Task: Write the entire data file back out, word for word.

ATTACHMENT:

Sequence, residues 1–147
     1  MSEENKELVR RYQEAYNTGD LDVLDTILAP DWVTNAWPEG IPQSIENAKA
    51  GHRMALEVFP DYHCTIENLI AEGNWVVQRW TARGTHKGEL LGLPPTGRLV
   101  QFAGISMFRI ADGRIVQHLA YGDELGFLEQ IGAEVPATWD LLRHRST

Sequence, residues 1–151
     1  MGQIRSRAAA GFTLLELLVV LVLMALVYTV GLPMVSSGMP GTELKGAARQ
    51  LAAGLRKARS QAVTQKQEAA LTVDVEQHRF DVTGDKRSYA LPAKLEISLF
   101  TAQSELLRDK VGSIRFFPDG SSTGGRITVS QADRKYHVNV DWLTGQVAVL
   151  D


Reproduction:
Sequence, residues 1–147
     1  MSEENKELVR RYQEAYNTGD LDVLDTILAP DWVTNAWPEG IPQSIENAKA
    51  GHRMALEVFP DYHCTIENLI AEGNWVVQRW TARGTHKGEL LGLPPTGRLV
   101  QFAGISMFRI ADGRIVQHLA YGDELGFLEQ IGAEVPATWD LLRHRST

Sequence, residues 1–151
     1  MGQIRSRAAA GFTLLELLVV LVLMALVYTV GLPMVSSGMP GTELKGAARQ
    51  LAAGLRKARS QAVTQKQEAA LTVDVEQHRF DVTGDKRSYA LPAKLEISLF
   101  TAQSELLRDK VGSIRFFPDG SSTGGRITVS QADRKYHVNV DWLTGQVAVL
   151  D